As the shoulder is one of the most unstable joints in the body, shoulder exercises become very important following surgery or injury. The positive of this is that we can move our arms in all sorts of directions. Most of the stability of our shoulders comes from the surrounding muscles and ligaments (rotator cuff). Therefore when we injure these our shoulder function is significantly reduced.
The most common injuries we see include torn or strained muscles, torn or strained tendons and directly hurt shoulders (football injuries or from falls). Careful diagnosis is required of shoulders as there are so many structures involved. Once we have ascertained what the problem is we will develop a treatment plan that involves stretches, strengthening and mobility exercises.
Some shoulder problems are as a result of neck problems and therefore we often have to assess and if necessary treat the neck as well.
Dislocations and subluxations (near dislocations) are a common injury of the shoulder because of its structure and therefore instability. The most common sports we see this injury in are football and basketball. The most vulnerable position for the shoulder is the elevated one (as in going up for a mark or shooting a goal). If you are then hit from behind this may lead to a dislocation. The treatment for this includes: immediate stopping of activity, icing the shoulder, restricting movement (in a sling), having an Xray to ensure no breaks. If there are no fractures we immediately start rehabilitation.
Frozen shoulder or as it is known medically, adhesive capsulitis is a fairly common problem we see here at Whittens. It is most commonly affects women over 40 years of age. It may occur for no reason at all or can be caused by an initial injury which then progresses to a frozen shoulder. It is thought to affect the capsule and soft tissue structures around the shoulder which become inflames initially, therefore causing a lot of pain initially especially at night. This causes tightening and shrinking of the soft tissue structures which leads to loss of movement. The first movement to go usually is rotation, twisting your arm outwards (doing your hair), twisting your arm inwards (doing up your bra, or for the guys, taking your wallet out of your back pocket) and then lifting your arm out to the side.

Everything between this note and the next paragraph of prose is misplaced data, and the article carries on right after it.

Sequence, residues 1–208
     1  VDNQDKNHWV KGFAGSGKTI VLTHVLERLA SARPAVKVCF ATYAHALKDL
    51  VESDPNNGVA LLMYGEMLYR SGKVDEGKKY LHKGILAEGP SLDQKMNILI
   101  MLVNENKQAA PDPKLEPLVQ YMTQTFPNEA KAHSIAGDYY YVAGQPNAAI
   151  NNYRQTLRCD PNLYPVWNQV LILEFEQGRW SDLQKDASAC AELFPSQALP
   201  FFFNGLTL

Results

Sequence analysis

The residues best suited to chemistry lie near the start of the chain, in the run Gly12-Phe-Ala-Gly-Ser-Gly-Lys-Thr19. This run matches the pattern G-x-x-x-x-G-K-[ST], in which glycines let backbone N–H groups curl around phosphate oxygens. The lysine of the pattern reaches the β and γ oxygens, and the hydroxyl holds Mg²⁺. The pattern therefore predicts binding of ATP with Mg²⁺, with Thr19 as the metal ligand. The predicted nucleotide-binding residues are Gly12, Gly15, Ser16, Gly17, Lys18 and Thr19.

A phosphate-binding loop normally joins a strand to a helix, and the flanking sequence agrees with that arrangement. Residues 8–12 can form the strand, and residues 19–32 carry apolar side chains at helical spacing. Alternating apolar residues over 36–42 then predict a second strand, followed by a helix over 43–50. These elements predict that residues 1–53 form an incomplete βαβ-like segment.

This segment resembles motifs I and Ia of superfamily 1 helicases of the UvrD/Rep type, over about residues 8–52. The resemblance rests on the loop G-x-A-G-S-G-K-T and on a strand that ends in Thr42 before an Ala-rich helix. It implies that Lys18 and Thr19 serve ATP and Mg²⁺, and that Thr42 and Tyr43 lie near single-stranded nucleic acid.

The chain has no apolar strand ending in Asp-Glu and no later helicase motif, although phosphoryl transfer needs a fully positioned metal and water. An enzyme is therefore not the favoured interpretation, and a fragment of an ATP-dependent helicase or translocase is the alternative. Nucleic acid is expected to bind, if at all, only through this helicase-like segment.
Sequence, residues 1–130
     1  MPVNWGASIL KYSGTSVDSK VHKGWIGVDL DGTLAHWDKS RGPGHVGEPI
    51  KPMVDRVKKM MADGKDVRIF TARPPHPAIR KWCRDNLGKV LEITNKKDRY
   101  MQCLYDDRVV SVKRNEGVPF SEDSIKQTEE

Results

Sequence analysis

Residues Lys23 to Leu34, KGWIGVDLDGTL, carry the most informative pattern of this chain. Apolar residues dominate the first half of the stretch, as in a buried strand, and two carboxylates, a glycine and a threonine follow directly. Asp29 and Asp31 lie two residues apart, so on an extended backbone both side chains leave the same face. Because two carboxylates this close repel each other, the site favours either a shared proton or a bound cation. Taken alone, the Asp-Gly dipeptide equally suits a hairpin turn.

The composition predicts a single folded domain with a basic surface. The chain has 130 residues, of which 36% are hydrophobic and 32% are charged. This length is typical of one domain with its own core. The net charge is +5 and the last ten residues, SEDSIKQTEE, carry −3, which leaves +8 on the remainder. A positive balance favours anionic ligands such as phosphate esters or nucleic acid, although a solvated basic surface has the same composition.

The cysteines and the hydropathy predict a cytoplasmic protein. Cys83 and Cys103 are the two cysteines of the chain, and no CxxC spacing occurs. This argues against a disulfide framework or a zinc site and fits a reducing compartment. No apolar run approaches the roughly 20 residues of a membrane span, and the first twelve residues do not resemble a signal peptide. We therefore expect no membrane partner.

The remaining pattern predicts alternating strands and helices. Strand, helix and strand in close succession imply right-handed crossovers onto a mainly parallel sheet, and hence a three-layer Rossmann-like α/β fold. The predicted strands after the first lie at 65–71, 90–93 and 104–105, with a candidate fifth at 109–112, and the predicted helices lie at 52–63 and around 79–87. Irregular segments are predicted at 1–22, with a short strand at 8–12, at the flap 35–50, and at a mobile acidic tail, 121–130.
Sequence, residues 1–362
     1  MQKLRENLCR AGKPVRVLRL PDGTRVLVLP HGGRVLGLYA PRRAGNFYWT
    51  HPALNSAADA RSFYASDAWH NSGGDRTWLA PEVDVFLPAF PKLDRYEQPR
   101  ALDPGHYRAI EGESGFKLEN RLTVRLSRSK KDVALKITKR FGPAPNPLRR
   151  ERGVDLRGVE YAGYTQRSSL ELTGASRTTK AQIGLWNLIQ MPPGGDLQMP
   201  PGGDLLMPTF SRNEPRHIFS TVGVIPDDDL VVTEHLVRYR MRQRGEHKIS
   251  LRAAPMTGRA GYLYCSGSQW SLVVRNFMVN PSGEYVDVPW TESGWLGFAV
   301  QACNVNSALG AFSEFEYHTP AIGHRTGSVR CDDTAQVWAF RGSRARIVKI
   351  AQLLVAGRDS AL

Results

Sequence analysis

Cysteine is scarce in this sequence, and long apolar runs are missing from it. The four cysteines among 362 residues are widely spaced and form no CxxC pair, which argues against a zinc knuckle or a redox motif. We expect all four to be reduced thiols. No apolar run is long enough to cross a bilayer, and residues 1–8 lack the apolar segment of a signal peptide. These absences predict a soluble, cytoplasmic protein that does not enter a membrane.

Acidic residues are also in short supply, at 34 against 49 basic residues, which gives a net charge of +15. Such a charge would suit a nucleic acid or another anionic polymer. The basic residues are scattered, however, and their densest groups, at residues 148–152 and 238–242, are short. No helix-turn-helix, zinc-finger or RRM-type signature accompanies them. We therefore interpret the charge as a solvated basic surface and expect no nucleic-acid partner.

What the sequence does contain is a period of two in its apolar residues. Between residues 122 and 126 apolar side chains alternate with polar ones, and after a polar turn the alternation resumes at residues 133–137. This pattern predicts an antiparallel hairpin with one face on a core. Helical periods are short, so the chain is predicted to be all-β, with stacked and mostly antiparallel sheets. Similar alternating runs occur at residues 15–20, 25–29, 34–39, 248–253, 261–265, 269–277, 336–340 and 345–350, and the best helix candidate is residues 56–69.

Treatment initially involves pain reducing methods, ice, TENS, rest and analgesics. As the process proceeds, the pain usually subsides and you are left with a very stiff shoulder joint. This can be treated using hydrodilatation, when saline is injected into the joint to stretch the affected stiff soft tissue structures. Stretches and strengthening exercises are then given to further improve movement and normal function of the joint.